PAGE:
Any canned fish with other ingredients like vegetables will also increase water content (carrot, onion, or hot pepper being examples.)

My best advice is that, while oil won't expand when exposed to freezing temperatures like water does when water freezes (and the only issue with freezing here is the breaking of a can's seal), it should be okay, theoretically (as long as there's not enough water in the fish to cause seal breakage upon freezing).... But it would be a very good idea to test it out yourself under controlled circumstances using your freezer in advance, especially if you're relying on the fish remaining safely sealed after being frozen and thawed as part of your preps.

Edit to also mention... it's not just the oil going rancid that is a concern if seals are broken. Food items sealed in oil can create issues with botulism, which is not noticeable by smell/taste (unlike with rancid odor/taste which is hard to miss.)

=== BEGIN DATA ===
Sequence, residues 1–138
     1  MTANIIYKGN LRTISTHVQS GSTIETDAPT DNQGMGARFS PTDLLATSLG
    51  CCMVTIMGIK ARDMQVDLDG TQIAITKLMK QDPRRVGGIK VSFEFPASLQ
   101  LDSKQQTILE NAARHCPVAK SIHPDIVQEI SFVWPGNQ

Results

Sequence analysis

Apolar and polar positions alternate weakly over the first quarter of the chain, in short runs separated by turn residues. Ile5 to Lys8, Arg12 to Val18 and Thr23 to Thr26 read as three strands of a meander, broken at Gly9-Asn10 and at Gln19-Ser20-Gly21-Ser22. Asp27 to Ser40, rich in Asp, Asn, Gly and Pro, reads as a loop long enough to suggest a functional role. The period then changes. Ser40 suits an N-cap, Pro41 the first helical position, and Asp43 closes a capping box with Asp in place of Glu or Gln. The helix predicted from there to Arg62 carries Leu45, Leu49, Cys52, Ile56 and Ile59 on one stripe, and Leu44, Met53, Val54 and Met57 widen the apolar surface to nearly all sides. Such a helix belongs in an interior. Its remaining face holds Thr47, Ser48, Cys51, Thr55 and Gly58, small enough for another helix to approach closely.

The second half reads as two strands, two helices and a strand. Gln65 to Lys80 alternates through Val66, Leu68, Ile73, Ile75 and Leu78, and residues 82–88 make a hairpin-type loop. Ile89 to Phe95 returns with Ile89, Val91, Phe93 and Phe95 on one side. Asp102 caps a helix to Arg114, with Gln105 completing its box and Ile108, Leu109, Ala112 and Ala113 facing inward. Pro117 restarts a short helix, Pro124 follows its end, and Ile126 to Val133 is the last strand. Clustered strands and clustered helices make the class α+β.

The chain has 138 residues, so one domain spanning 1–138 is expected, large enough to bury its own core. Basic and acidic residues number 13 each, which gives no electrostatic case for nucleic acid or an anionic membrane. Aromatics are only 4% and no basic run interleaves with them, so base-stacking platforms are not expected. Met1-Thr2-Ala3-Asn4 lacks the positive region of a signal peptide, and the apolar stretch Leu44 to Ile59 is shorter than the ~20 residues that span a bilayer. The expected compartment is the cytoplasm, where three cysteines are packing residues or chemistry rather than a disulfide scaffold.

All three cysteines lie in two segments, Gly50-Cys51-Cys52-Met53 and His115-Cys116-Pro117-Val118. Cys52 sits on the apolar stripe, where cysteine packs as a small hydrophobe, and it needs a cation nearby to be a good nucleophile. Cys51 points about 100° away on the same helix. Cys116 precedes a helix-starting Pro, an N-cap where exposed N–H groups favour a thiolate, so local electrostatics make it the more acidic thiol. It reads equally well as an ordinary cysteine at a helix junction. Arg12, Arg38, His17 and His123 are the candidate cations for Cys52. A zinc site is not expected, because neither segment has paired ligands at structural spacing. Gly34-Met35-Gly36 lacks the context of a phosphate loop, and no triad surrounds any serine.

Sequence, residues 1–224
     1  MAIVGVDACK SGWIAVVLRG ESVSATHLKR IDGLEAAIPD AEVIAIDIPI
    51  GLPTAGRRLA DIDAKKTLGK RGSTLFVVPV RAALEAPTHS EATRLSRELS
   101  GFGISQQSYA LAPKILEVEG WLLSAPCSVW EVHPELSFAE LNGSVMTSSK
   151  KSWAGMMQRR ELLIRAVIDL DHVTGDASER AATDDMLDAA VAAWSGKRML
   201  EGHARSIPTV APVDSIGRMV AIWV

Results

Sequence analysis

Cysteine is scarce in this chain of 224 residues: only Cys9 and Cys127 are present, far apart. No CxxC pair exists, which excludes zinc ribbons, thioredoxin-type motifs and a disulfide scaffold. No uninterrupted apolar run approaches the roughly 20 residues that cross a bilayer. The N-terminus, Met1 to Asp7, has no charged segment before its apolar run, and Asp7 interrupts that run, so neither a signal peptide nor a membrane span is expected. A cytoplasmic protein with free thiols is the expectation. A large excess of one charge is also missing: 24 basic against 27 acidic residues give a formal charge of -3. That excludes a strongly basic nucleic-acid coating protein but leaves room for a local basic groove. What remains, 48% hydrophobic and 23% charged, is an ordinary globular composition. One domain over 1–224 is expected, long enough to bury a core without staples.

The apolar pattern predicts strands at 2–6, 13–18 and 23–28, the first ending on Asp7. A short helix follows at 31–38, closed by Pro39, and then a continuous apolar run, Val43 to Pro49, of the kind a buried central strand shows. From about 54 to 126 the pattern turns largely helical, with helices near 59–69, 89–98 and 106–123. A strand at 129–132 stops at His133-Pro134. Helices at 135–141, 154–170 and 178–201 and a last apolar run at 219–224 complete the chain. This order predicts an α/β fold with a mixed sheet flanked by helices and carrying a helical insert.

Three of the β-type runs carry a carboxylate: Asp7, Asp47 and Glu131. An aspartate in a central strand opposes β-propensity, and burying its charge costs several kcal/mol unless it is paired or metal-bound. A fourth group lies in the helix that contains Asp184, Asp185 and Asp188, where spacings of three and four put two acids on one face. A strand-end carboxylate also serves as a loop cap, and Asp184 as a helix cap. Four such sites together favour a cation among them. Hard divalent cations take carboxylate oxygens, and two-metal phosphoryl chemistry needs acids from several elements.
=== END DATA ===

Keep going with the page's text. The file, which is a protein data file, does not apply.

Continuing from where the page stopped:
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Re: Fish canned in oil freezing?

Post by Confucius » Wed Jun 02, 2021 2:36 pm

Give it a try, toss a couple tins in the freezer and go through a few freeze thaw cycles. The only risk from freezing is breaking the seal, which will become manifestly apparent after a few days at room temperature. Botulism is an anaerobic bacteria, and the fish will spoil from aerobic bacteria if the seal is broken long before botulism from properly canned fish could ever rear its head.

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Re: Fish canned in oil freezing?

Post by quazi » Wed Jun 02, 2021 5:40 pm

Not a bad idea to test it. Freezer space is pretty tight right now, I'll probably wait until it's well below zero and then take some cans from different cases in and out for a few days. That seems like it should be a pretty good stress test. Then make some yummy soup at the end!

I guess I'll need to research doing some of my own pressure canning in oil. If it can be done safely it might be a good way to preserve some stuff to take out to some of the more remote BOLs.